Erickson appealed the revocation, and a formal hearing was held before an administrative law judge of the NTSB. At that hearing Solseth's report that was the basis for the revocation was introduced into evidence. Solseth himself testified, essentially describing the discrepancies he found. The FAA had charged Erickson with false entries relating to five aircraft. The ALJ found, however, that the charges relating to two of these could not be sustained.

Of the remaining three groups of entries, the first involved a Cessna aircraft owned by Air Freight Express. Sara Wastvedt, one of Air Freight Express's pilots, testified for Erickson that he had accompanied her on several flights and actually had flown the plane while with her. Wastvedt also testified that on certain occasions Erickson was not paid by the company for the flights but flew only to log the flight time necessary to upgrade his certificate. The ALJ gave this testimony great credence, noted that on one occasion Erickson had logged time when the aircraft did not fly at all, and found 63.6 hours in the Cessna were falsely logged.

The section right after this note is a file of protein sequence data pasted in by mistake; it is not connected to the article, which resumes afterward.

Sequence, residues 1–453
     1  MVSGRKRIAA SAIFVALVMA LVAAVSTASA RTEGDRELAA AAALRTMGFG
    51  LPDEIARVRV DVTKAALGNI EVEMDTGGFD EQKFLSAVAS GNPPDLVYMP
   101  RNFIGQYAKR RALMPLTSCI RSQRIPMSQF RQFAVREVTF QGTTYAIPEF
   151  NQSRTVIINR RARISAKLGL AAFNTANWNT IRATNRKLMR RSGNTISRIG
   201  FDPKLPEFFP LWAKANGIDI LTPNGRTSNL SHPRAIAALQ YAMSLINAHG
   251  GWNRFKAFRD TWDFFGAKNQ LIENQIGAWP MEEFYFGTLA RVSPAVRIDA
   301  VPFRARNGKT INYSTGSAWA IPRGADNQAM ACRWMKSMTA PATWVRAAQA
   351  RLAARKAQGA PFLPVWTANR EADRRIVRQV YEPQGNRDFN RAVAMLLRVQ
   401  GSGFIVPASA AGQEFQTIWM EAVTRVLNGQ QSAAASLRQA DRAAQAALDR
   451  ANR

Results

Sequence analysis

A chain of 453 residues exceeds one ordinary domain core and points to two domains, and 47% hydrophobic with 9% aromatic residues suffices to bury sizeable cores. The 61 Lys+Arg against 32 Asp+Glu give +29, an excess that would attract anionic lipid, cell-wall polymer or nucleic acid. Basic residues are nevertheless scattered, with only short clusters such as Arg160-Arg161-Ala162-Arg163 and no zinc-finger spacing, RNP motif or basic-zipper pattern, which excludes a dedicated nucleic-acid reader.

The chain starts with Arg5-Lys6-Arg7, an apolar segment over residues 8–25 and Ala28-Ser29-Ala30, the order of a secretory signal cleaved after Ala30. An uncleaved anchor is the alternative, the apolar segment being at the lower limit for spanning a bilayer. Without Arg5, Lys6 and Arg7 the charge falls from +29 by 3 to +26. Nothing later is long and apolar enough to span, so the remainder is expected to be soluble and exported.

The second group of entries involved a Beechcraft King Air plane owned by North American Life and Casualty. A North American pilot, Ron Houle, with whom Erickson flew on occasion, had told Solseth while he was conducting his investigation that Erickson manipulated the controls of the Beech aircraft only on "deadhead" flights (i.e., flights on which neither freight nor passengers were carried). At the hearing Houle testified, with considerably less clarity, that Erickson was allowed to fly the craft with passengers on board "after he got some experience" on deadhead flights. Erickson, in contrast, testified that he had operated the aircraft on both deadhead and passenger-carrying flights starting with the first flight. The ALJ credited Erickson with a portion of the time logged on this aircraft but concluded that he had falsely logged 45.9 hours. The ALJ also found that Erickson had falsely logged 1.5 hours in a Mitsubishi aircraft.